10 Thoughts You Have Driving Around Your Hometown On Winter Break

10 Thoughts You Have Driving Around Your Hometown On Winter Break

It's good to be back home, right?

53
views

Now that the holiday season is here, and many college students have finished their finals, those students are probably now back in their hometowns. Ah, being home. That can bring back either great memories or memories that should not be brought back except when you're out for drinks with friends and you're reminiscing about the old days. But what about those thoughts when one might just be going for a drive?

Well, whenever I go for a drive around my small hometown of Avon, here are 10 thoughts that come up.

1. Wow, I haven't driven in a while.

I don't have my car with me on campus.

2. Alright, one-woman concerts here I go.

I NEED YOU, GIRL!

3. Wait, when was that added to town?

When did we get a Swenson's?

4. It feels weird that I'm driving around while everyone in the school district is still in school.

Until next week.

5. OK, I want lunch but where?

What restaurants are here again?

6. Hey, person in front of me, the light is green!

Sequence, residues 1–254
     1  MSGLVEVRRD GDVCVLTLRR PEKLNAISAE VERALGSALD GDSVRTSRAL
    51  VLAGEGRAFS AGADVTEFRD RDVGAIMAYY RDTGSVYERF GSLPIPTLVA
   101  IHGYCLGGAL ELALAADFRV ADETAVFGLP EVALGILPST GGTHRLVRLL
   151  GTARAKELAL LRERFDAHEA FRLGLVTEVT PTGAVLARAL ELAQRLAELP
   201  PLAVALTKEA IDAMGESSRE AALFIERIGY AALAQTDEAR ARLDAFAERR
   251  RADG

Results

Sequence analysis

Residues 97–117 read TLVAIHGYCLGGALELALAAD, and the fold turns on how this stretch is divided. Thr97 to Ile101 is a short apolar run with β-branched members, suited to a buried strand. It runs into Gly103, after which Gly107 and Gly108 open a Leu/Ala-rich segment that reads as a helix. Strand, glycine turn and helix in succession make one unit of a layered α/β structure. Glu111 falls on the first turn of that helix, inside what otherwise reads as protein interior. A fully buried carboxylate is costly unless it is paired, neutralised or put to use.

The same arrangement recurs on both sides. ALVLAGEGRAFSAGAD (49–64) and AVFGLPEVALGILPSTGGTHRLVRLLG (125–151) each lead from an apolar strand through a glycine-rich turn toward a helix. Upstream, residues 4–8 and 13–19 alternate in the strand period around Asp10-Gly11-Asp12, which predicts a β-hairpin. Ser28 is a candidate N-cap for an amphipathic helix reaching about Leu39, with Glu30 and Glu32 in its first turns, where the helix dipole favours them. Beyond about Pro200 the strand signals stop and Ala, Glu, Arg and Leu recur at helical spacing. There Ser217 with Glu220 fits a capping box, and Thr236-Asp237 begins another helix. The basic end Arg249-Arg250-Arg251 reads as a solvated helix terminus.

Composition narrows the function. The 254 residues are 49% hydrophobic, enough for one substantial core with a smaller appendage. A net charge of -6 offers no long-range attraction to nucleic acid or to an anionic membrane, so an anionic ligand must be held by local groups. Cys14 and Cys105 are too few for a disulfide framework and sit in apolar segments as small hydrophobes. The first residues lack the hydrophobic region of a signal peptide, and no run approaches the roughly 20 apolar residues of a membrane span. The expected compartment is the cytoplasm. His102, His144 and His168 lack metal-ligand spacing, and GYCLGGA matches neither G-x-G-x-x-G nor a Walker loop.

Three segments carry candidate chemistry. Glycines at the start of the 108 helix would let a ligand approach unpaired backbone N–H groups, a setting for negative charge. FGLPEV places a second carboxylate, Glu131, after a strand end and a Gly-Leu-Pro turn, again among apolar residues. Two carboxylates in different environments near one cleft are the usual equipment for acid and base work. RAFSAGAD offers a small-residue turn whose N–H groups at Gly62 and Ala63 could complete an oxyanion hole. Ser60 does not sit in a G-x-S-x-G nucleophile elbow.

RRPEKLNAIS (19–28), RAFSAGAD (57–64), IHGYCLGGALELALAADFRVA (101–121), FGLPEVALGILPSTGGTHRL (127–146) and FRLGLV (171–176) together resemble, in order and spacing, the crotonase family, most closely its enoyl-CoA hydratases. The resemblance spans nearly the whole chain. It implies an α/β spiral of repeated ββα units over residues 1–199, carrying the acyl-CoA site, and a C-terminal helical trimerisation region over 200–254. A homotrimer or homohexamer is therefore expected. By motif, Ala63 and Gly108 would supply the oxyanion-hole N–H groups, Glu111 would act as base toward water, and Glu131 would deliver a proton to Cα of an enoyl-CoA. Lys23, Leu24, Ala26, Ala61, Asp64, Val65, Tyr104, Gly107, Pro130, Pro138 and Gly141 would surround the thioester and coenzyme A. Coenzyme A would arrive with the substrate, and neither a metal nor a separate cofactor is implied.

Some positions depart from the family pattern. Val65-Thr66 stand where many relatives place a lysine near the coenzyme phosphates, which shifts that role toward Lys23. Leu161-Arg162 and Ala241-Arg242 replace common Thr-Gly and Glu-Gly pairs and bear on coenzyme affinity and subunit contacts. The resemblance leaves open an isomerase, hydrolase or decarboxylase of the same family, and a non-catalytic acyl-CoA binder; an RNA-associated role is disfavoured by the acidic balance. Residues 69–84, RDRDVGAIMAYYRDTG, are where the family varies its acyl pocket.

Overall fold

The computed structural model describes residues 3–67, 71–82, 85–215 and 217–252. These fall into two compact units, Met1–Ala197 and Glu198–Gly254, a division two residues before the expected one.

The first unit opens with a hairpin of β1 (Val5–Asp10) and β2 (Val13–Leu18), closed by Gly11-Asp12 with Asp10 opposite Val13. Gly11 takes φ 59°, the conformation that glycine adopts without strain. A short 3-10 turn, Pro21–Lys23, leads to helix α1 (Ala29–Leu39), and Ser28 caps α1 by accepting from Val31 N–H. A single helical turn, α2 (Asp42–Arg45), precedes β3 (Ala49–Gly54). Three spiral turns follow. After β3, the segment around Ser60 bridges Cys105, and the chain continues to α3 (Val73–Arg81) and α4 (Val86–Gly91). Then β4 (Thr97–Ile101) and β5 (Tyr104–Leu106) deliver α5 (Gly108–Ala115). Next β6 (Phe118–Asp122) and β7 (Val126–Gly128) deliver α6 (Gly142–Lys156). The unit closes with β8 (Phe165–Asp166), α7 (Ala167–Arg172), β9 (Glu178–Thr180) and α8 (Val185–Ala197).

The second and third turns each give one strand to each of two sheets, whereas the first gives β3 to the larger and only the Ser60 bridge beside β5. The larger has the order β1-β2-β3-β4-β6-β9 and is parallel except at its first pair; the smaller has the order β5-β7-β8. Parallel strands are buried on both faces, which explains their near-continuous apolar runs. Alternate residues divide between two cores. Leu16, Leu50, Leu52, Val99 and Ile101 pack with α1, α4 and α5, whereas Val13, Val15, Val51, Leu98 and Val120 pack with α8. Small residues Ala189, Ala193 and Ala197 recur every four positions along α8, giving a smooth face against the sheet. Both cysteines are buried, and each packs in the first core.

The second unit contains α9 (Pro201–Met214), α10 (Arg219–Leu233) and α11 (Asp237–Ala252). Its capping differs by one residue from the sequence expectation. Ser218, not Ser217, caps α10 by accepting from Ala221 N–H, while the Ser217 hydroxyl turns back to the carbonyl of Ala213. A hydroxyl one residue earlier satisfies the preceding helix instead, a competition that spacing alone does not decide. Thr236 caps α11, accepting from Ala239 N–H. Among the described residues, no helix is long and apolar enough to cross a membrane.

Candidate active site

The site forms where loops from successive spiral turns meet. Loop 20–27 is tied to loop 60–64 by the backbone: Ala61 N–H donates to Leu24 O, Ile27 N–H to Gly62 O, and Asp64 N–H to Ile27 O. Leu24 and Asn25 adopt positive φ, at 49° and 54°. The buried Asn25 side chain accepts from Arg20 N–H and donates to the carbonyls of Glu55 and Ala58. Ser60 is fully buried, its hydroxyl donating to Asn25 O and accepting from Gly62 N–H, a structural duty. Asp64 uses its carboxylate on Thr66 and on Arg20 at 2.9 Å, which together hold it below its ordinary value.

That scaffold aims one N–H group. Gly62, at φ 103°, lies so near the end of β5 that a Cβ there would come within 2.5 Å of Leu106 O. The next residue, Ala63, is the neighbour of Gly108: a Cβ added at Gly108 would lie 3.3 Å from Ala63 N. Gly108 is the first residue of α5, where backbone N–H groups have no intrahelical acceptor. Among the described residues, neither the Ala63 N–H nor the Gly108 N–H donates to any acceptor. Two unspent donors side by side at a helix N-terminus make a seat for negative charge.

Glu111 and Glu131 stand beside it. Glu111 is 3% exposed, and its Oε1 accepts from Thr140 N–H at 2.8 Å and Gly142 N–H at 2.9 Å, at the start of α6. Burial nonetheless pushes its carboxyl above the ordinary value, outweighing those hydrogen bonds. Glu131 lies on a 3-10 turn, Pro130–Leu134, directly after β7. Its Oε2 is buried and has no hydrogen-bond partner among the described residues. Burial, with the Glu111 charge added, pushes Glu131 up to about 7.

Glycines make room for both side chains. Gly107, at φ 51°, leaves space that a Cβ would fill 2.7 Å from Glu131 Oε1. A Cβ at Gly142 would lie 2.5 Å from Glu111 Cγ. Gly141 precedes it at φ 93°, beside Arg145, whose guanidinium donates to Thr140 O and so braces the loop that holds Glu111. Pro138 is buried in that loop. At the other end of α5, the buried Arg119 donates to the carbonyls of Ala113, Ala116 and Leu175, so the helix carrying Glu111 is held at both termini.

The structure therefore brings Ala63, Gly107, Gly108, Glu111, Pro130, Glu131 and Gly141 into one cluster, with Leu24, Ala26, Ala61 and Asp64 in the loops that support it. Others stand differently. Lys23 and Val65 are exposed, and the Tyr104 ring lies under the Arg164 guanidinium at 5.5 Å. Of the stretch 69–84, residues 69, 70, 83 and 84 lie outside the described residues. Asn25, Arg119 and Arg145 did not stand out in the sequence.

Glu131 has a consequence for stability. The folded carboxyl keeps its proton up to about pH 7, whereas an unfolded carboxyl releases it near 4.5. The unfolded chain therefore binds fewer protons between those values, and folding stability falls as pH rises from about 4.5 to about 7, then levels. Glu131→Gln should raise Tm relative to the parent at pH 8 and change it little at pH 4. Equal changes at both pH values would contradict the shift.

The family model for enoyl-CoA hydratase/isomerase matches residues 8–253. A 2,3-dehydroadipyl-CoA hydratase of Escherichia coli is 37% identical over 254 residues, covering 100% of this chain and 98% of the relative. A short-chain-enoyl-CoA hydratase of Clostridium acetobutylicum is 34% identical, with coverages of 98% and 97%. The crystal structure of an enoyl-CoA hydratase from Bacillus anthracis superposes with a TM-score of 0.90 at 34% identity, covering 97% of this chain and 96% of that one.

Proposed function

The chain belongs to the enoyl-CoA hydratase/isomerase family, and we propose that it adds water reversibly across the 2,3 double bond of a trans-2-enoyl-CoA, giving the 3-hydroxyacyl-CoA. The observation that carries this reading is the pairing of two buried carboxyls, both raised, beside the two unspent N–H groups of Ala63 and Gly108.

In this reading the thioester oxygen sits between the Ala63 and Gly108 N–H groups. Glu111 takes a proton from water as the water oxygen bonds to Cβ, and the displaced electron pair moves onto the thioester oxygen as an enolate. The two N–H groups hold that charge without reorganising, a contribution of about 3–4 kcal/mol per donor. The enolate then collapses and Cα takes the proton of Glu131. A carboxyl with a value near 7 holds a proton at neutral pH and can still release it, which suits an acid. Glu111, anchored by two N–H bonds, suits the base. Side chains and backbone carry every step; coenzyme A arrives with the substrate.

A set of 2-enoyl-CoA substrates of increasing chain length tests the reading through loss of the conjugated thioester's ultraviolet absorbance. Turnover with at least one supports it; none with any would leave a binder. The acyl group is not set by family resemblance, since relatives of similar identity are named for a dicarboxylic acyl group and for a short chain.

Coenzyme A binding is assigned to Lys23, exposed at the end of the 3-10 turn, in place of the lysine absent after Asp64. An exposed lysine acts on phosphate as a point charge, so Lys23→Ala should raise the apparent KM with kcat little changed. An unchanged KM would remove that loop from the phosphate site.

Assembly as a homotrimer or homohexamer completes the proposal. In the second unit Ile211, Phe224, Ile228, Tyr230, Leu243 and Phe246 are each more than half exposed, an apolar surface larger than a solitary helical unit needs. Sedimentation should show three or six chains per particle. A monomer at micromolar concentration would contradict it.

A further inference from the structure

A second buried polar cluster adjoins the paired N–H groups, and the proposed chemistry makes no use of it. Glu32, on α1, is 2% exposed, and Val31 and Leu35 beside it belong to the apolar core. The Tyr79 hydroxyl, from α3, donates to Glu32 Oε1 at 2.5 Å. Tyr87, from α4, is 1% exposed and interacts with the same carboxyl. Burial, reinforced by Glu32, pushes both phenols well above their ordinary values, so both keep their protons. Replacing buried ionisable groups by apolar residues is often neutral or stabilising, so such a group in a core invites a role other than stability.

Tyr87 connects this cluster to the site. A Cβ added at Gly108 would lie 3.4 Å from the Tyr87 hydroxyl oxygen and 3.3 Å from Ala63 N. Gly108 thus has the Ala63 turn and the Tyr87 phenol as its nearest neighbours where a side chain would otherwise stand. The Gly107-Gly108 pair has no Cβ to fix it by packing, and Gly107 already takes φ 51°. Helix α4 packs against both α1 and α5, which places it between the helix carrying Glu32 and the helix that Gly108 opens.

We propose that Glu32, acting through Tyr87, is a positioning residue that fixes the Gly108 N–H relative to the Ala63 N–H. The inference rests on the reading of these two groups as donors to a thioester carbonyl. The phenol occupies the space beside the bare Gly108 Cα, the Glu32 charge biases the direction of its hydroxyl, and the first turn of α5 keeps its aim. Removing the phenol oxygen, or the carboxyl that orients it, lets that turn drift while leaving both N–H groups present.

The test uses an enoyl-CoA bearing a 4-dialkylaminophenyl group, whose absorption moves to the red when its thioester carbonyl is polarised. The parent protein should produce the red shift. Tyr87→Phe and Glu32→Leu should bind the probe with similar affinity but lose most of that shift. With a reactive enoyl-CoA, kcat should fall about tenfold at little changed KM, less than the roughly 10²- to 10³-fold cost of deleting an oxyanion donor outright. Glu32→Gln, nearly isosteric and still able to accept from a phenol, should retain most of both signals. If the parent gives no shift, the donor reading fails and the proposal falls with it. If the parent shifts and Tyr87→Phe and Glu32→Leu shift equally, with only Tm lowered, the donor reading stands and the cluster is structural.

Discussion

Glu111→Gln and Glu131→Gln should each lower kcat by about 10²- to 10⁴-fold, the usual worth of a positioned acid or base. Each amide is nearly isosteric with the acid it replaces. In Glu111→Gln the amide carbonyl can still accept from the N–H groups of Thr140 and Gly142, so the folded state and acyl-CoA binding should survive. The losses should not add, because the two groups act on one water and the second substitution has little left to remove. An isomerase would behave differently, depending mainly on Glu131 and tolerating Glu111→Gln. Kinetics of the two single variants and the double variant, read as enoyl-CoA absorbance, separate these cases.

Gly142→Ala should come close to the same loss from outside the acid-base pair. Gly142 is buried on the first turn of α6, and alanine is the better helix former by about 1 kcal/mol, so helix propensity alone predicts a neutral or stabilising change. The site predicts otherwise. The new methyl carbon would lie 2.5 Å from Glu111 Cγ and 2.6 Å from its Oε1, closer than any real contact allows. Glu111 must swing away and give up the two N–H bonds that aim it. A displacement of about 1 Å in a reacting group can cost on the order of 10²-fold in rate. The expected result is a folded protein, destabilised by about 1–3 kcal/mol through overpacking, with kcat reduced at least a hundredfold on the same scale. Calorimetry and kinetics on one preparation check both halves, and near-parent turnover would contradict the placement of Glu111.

Trying not to road rage...

7. Oh look there's that one place where (insert memory here).

The one place where we went to hang out after football games, where we went to shop, the memories are endless.

8. Wait I got to go back to high school...

At least it's only to go pick up my brother.

9. I always really found driving peaceful.

I'm glad I got to do this drive...

10. But I still have to pick up my brother...

He's getting the car tomorrow.

Popular Right Now

A Letter To My Freshman Dorm Room As I Pack Up My Things

Somehow a 15' x 12' room became a home.

5677
views

Dear Geary 411,

With your creaky beds, concrete walls, and mismatched tile floors, you are easily overlooked as just another room we were randomly assigned to— but you were different. Inside your old walls, I have made some of the best memories of my life that I will hold on to forever.

Thank you for welcoming my neighbors in with open arms who quickly became friends who didn't knock and walked in like you were their own.

I feel like an apology is needed.

We're sorry for blaring the music so loud while getting ready and acting like we can actually sing when, in reality, we know we can't. Sorry for the dance parties that got a bit out of control and ended with us standing on the desks. Sorry for the cases of the late-night giggles that came out of nowhere and just would not go away. Sorry for the homesick cries and the "I failed my test" cries and the "I'm dropping out" cries. We're sorry for hating you at first. All we saw was a tiny and insanely hot room, we had no idea what you would bring to us.

Thank you for providing me with memories of my first college friends and college experiences.